Chai Trails – Episode 1
Shimla, a city that never ceases to enchant you. From its classic British architecture to the English lineage that is still followed in how people dress up. From its natural beauty to the crowded township that look as feeble as a house of cards; the tall pine trees and the rays of the sun that somehow manage to find their way to these forest covered paths!
Right from the ancient times, Shimla has been a city of great importance, both geographically and economically. There is a lot of historic character that this small town boasts of. Unfortunately we are losing that to the new world charms of bigger houses, smarter phones and decked up cars. That connect with the charm of Shimla is slowly getting lost somewhere. My idea with Chai Trails is to reconnect people with that charm, that history and that nature!
We start from Shimla towards the hill of Sanjauli and maneuver our way through some very heavy traffic till Dhall. From here, we separate our path from the old Hindustan Tibet Road and take on the road to Mashobra. This little town has had its share of tryst with some famous personalities. From the Gandhis to Khushwant Singh, all have had very close and personal affairs with the place. The legend has it that our Former Prime Minister Sh. Rajiv Gandhi raced around in his white gypsy here! The list of famous personalities is endless, politicians, writers, sports personalities – this place has seen them all.
We leave the tarmac leveled road at Mashobra and hit the forest trail towards Bakelthi. An 18 km forest path leads all the way to Bakelthi. This was an engineering marvel from the local legend Baba Bhalku. For those who do not know Baba Bhalku is the man who conceptualized the breathtaking Shimla – Kalka Railway line. When all engineering prowess of the mighty British failed, a local lad by the name of Bhalku enlightened them with how to cross the mighty Shivaliks to reach Shimla. Bhalku then started serving as a consultant to the British on all Civil engineering projects. Talk about the impact of college degrees! Anyway, Baba Bhalku identified this track as an all season road that would let people commute towards the higher parts of Himachal – Narkanda, Kinnaur, Spiti in the winters when the Kufri Pass would be closed due to heavy snow. The road still holds true in all weather conditions.
The Mashobra- Bakelthi track has a thick cover of pine trees (Deodars) as it forms an extension of the densest forest in Asia – The Shimla Kufri catchment area. Another engineering marvel of the olden times – but that’s another trail. On the way you will come across small villages set on both sides of the track and with a few private villas and mansions belonging to the rich and the mighty. The most prominent village would probably be Dak- Bangla and Tikker. There are multiple single tracks and walking trails that connect to the Kufri pass. The climb to reach Kufri is mostly short and steep. On the left, the forest opens up giving views of Shalli Tibba and even higher peaks on the left. You can easily spot the greater Himalayan range in the backdrop covered with snow.
The traffic is very minimal with mostly only local vehicles from the villages ferrying vegetables and people. The trail on an easy mode ride will take you approximately 1.5- 2 hours. It is highly advisable that you pick up apples from the numerous orchards on the way. Or just engage a local in a conversation and he will bring them for you. The trail is often slushy with a lot of seasonal streams on the way and some turning into waterfalls in the monsoons.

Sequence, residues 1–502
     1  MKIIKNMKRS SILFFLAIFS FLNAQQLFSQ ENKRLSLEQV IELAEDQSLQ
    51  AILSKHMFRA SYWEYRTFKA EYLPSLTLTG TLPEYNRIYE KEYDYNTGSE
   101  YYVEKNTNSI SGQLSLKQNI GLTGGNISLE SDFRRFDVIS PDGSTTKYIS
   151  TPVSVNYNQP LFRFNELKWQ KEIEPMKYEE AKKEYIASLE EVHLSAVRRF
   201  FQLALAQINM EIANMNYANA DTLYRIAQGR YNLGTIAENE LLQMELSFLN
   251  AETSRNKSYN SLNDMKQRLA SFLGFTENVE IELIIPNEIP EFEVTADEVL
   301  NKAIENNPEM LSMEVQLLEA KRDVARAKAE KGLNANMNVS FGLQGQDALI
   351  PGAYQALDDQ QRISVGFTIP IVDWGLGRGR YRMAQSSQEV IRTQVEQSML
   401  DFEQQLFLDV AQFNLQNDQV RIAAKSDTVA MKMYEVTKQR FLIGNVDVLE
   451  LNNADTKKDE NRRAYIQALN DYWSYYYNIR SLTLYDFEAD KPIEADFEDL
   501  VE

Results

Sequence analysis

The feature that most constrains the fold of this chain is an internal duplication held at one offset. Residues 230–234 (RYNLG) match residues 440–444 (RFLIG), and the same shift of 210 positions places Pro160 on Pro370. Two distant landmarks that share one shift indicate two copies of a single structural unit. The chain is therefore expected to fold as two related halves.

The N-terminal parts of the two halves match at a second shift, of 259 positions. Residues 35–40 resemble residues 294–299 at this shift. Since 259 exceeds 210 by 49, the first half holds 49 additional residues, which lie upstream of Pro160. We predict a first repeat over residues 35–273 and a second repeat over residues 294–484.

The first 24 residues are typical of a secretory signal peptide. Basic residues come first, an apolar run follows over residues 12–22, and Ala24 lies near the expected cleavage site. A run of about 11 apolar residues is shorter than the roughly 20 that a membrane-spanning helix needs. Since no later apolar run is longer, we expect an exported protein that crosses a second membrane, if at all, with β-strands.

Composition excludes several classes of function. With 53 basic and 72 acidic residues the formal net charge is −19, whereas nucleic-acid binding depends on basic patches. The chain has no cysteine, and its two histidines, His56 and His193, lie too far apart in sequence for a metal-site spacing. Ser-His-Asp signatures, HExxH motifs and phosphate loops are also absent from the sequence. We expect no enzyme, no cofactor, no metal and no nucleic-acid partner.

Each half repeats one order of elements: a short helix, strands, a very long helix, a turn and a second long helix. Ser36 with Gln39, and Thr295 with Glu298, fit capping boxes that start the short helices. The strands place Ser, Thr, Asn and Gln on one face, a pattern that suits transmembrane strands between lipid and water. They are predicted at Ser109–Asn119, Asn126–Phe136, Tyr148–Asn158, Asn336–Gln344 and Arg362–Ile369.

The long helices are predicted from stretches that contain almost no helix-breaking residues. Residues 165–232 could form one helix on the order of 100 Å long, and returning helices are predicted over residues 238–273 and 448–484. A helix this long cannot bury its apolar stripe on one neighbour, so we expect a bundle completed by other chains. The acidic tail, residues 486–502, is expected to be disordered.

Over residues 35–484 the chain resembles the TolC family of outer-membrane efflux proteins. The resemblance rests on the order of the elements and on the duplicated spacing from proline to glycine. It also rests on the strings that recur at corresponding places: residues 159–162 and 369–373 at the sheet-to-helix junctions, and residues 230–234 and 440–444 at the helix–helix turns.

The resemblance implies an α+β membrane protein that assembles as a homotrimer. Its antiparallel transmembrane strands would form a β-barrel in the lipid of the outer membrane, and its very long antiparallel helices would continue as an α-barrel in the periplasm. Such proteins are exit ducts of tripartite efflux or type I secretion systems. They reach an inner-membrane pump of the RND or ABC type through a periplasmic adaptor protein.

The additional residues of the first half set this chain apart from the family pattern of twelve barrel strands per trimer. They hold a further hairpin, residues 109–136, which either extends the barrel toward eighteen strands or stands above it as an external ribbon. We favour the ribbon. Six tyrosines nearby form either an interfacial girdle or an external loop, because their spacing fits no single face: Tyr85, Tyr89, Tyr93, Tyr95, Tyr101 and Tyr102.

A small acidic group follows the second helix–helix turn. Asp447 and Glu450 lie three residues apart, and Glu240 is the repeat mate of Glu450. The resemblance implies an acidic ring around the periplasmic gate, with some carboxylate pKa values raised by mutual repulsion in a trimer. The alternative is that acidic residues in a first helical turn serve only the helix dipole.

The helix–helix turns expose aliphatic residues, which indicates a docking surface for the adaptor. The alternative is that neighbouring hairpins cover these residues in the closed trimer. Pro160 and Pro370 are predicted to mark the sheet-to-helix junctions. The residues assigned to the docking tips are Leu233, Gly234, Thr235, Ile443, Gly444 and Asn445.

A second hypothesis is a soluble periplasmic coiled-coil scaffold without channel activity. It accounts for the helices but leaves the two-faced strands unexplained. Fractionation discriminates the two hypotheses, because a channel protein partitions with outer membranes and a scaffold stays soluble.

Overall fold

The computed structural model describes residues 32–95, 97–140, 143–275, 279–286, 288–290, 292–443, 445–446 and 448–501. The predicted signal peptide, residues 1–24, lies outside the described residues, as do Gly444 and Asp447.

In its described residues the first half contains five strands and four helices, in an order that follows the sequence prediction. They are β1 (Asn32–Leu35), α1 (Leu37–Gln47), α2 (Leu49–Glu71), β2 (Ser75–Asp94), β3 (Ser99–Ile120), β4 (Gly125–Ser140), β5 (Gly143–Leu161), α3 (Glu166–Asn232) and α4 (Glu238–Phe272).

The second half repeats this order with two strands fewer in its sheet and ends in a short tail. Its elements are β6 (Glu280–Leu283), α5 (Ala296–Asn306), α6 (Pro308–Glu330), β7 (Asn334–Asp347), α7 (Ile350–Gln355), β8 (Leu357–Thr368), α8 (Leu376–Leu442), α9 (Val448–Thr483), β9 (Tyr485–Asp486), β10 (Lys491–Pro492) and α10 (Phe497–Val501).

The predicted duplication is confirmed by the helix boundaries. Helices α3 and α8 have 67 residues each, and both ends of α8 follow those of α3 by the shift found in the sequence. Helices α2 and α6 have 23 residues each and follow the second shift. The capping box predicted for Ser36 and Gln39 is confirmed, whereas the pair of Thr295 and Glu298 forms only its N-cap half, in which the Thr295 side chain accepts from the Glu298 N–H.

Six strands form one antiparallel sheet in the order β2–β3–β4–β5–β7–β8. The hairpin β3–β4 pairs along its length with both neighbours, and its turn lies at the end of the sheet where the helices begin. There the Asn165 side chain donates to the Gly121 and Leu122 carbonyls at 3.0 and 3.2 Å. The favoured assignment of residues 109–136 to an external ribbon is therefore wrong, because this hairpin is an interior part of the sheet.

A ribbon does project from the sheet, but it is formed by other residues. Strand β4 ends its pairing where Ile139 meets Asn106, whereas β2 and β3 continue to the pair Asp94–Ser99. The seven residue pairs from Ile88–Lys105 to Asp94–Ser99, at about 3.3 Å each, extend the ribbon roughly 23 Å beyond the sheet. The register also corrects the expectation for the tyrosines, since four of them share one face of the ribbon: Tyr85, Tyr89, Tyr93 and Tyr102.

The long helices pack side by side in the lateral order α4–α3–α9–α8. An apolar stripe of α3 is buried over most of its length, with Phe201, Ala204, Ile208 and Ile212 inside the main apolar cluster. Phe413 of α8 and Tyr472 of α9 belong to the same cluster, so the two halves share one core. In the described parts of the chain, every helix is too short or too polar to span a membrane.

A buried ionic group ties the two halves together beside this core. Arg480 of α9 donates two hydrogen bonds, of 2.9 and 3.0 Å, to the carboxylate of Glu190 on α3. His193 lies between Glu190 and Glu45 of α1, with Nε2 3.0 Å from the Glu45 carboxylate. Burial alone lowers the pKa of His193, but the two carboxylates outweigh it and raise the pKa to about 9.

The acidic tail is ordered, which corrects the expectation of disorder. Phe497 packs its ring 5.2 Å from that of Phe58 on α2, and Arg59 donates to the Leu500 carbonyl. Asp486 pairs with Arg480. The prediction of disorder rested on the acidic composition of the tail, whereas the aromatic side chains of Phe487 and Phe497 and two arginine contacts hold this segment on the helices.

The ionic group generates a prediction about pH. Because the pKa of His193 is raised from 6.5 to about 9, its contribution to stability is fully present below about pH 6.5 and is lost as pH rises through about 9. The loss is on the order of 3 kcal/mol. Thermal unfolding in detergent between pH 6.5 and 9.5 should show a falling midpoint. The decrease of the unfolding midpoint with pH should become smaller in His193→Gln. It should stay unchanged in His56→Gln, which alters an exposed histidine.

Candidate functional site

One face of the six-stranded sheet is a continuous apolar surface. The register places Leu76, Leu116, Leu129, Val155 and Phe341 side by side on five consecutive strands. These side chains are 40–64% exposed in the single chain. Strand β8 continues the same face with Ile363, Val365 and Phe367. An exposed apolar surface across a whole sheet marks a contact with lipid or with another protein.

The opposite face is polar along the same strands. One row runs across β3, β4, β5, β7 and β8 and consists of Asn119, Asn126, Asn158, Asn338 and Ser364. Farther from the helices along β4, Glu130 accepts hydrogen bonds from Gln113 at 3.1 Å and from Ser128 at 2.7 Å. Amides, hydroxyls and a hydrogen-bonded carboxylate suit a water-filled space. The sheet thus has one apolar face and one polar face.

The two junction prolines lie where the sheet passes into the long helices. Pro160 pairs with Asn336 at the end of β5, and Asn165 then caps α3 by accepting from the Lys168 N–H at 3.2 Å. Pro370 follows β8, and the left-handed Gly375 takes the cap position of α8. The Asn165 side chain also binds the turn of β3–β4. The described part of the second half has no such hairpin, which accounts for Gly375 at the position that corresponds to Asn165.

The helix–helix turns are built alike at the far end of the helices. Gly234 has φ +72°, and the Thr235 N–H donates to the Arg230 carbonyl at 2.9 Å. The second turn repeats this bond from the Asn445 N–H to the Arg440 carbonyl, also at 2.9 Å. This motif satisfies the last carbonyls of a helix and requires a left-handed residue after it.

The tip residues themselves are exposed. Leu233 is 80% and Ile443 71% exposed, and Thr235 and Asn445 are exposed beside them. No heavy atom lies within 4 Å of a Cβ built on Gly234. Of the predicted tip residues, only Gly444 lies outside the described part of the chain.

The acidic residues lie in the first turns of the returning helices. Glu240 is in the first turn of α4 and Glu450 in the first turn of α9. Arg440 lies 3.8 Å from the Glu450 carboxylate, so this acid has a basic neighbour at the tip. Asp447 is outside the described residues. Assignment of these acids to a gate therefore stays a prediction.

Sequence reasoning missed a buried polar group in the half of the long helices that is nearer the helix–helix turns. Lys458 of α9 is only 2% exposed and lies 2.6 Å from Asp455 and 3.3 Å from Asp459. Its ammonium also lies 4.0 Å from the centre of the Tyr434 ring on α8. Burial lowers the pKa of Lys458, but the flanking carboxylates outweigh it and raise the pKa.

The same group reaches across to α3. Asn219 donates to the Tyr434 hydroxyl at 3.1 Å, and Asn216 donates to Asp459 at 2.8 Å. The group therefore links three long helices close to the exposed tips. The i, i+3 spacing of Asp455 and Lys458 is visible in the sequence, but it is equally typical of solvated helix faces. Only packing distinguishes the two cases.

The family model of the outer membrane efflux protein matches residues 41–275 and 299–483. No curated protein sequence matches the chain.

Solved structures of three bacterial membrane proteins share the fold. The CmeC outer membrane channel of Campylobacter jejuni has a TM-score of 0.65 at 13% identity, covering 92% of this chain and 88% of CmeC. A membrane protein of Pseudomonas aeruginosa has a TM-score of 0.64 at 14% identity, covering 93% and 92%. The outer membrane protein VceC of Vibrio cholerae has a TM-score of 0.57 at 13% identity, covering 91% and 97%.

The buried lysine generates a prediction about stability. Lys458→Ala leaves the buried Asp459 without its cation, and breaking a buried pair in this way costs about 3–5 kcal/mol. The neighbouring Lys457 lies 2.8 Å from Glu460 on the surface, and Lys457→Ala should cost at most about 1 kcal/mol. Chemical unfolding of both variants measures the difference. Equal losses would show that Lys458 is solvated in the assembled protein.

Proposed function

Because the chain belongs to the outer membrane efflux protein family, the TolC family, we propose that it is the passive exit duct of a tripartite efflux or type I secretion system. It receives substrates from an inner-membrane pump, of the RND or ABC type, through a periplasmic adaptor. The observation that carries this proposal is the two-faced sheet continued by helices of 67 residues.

The end of the trail you reach Bakalethi on the National Highway and the old Hindustan Tibet Road. Here lies our first Chai Guru – Mohan Lal. He hails from the Baramati district and has been running this shop for 12 years now. How he got to Shimla is an interesting story. His relatives ran a shop close to Shimla and he came here in search of employment. He finally managed to rent out this shop some 12 years ago and has been selling very very good tea here since then. Mohan loves cyclists. He says they are special. They are different and are not like the regular tourists that come here. Cyclists are polite and respect the place. In his own words “ Cycle waale bahut pasand hai humme. Ache hote hai, pyaar se baat karte hain, hamari izzat karte hain, aur chai bhi bahut peete hain. Mehenati bhi bahut hote hai cycle waale, apni duniya mein rehte hai, kissi ko tang nahi karte – unke liye mein apni special chai banata hoon”. (Translated as – I really like bikers. They are nice people and respect us. They are hardworking, polite and mind their own business. They drink a lot of tea and I make my special tea for them).
Mohan also makes very yummy – rajmah, kadi, chawal, pakodas and bun butter. Chai and bun butter are my favourites, though he claims his rajma and kadhi are the best. He is helped at the shop by his wife. His 7 year old son and a 4 year old daughter both attend the Gita Memorial school. On an average, his sales for the day are around 1500-2000 INR with sales peaking in the apple season to nearly 4000 INR a day. It’s a tough life but he does it with dignity and pride.
He is Our first Chai Guru. So the next time, dump that fancy chain burger and coffee and try the adrak chai and bun butter. It will only cost you twenty rupees and give you a lifetime of memories.
|Trail Distance||25 km from Shimla one way (through Mashobra)|
|Trail Name||Mohan Lal Baikethi waale bhaiaya / Bhalkus Epiphany|
|Elevation gain||300 meters one way|
|Terrain||Offroad/ bumpy/ slushy/ rocky with very small climbs|
|Trail beauty Rating||3.5/5|
NOTE: This article is based on the experience of the author and individual experiences might vary. The author or HASTPA take no responsibility of the quality of the food.